Great Women Make History
Prehistorians discover that the massive burial mounds of the early Celts were used for more than just men.
Jun 28, 2016
The people of the early Iron Age – which in Central Europe falls between about 800 and 450 B.C. – buried their dead in large burial mounds. These tombs often contain valuable grave goods made from gold and other exotic materials, pointing to the power of those buried there. Researchers have called them the tombs of “Celtic princes,” but more detailed studies have led to a startling discovery. Many women, too, were buried in richly appointed surroundings.
The tiny village of Vix in northern Burgundy (population 100) was home to a treasure that lay unknown for more than two millennia: a vessel made of bronze, the height of a grown person, weighing 208 kilograms with its richly decorated handles and able to hold a volume of 1,100 liters. The krater, as these kinds of vessels are known among archaeologists, was one of many valuable items buried in a mound dating to the fifth century B.C., which was discovered in 1953, about 2,500 years after the burial.
Person Buried in Grave Wore a Torque of Pure Gold
Scholars place the sumptuous Vix Grave within what is known as the western Hallstatt culture. People in this area were known to writers in antiquity as Celts. The person buried in the grave wore a torque of pure gold and other necklaces. Statuettes and amphorae from Italy and Greece attest to the far-flung trade relations that must already have existed among these people at the time.
Who might this person have been? Right from the start, there were various signs that the person entombed there might be a woman. But until the 1980s, researchers believed the person was a male priest, possibly a transvestite. Today, there is a definite answer: The person buried in the mound was a woman. Not much is known about her, but she must have been a high-ranking member of early Celtic society.
The “Priestess of Vix,” as she is also known, contradicts assumptions that had been made in previous research. Scholars had previously espoused the “big man” theory originating in cultural anthropology, which holds that it was generally charismatic men who fought their way to positions of leadership in early Celtic society. But were there also “big women”? This is the subject of inquiry for Christin Keller and Katja Winger at the Institute of Prehistoric Archaeology at Freie Universität.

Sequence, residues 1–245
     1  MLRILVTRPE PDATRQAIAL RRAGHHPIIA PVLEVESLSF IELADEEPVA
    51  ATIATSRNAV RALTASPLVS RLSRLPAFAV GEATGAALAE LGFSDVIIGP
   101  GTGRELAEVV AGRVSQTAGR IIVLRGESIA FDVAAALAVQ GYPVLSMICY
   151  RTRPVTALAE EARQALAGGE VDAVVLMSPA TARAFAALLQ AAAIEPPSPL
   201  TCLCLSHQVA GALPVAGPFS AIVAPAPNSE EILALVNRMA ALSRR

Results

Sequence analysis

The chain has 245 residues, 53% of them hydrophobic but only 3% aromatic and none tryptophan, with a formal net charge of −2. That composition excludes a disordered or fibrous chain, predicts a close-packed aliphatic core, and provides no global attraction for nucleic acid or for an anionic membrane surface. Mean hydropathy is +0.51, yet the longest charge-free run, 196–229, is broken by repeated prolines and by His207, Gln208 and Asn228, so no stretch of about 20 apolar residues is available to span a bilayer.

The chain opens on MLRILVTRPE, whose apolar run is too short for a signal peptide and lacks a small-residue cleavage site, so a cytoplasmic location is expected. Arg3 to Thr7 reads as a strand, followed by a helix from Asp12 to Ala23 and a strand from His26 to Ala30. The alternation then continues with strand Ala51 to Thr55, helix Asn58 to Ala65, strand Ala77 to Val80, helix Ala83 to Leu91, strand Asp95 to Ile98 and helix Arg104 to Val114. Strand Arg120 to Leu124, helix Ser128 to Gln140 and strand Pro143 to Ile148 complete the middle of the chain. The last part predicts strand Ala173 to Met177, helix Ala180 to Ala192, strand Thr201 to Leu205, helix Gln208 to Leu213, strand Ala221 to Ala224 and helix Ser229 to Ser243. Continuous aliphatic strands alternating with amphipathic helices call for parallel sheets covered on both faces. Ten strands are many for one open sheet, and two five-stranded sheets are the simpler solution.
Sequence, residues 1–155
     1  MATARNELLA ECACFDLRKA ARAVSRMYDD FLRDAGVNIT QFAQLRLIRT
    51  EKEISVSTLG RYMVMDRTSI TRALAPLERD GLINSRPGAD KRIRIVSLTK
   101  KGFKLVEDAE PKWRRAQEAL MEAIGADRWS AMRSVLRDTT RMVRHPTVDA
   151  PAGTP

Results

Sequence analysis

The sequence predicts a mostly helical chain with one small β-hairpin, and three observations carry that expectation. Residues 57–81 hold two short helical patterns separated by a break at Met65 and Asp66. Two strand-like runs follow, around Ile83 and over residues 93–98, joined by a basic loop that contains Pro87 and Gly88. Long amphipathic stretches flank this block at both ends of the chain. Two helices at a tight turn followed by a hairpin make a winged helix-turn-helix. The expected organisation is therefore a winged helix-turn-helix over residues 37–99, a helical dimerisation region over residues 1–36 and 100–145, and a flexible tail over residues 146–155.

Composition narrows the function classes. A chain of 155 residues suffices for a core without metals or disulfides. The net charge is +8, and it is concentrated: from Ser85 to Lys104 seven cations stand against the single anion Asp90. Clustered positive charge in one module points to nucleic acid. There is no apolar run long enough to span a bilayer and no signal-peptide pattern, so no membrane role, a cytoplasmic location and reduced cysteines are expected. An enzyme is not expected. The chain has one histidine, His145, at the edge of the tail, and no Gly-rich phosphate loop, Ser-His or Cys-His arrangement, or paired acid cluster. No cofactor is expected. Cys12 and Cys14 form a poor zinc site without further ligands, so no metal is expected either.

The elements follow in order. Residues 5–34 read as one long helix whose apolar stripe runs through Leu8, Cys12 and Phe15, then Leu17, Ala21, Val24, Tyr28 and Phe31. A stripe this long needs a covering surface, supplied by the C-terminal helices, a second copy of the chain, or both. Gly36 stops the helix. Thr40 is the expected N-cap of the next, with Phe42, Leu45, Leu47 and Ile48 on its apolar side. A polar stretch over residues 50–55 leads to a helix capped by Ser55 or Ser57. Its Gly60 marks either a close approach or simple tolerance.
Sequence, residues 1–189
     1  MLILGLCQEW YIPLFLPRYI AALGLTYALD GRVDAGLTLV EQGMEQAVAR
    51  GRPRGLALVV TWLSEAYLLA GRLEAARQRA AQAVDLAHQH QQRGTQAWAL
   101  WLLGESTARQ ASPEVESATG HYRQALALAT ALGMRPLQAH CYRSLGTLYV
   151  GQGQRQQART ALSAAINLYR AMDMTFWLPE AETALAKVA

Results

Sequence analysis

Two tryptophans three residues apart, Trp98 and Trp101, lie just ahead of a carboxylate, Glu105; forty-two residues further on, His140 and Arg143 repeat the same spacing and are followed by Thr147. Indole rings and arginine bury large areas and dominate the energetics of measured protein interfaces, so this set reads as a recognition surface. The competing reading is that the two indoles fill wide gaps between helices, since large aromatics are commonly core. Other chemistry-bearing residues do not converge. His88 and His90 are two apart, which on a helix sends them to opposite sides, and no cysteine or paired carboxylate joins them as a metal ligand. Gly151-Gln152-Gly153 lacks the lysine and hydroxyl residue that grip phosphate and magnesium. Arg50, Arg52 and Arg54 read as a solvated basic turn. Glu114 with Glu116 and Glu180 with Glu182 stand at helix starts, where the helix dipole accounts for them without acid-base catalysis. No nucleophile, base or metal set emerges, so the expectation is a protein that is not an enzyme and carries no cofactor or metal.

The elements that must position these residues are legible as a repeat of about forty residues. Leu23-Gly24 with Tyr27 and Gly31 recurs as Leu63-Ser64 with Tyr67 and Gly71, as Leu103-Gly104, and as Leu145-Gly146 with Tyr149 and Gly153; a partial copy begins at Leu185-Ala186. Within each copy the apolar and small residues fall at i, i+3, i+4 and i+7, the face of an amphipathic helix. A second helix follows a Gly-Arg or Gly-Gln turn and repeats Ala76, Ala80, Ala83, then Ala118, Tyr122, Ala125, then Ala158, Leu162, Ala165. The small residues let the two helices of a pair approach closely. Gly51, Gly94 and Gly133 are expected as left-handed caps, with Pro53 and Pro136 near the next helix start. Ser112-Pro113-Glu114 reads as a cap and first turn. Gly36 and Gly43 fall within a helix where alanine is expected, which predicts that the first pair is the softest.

The two scholars are studying the Hallstatt culture, which during the Iron Age extended from what is now northern France through Germany and into eastern Austria and the northern Balkans. Keller has studied a large number of grave finds and gathered information on the sex and social status of those buried there.
“I have analyzed all of the significant data sets using statistical methods, and what I found was that even in the eastern Hallstatt area, where there has been little research to date, there are very richly appointed women’s graves,” she says. And that leads Keller to a new conclusion: “The old model of the prince who held the power needs to be reconsidered.” Based on this finding, the two archaeologists recently held a conference that brought scholars and researchers from all over Europe to Freie Universität.
Rethinking Gender Roles in Antiquity
Over 16 talks, they presented their research on gender roles in antiquity. The focus was on the early Celts in the area of the Hallstatt culture and more. For example, one scholar of religion from Freie Universität Berlin analyzed the female characters in Homer’s Odyssey, while a classical archaeologist from Goethe University Frankfurt gave a talk on whether the Greek myth of the Amazons might have been rooted in reality.
The proceedings of the conference will be published in the coming year. They will lay out one clear conclusion: The women of the Iron Age must have played a greater role in society than was previously thought. “The models used in the social sciences and cultural studies need to be developed further in order to depict gender roles in all their facets,” Keller explains.
She adds that it is equally important to use more scientific methods in studying graves in the future. For example, excavation methodology has made great strides in recent decades, Keller says, but modern paleogenetics also holds out the prospect of a wealth of new insights. This field analyzes a fraction of the genetic material found in ancient remains: mitochondrial DNA, which can be used to trace relationships through the maternal line. Keller explains that this unlocks valuable insights into the structure of prehistoric societies.
- Dr. Christin Keller, Institute of Prehistoric Archaeology, Freie Universität, Tel.: +49 30 838 54254
- Dr. Katja Winger, Institute of Prehistoric Archaeology, Freie Universität, Tel.: +49 30 838 72690, Email: Katja.Winger@fu-berlin.de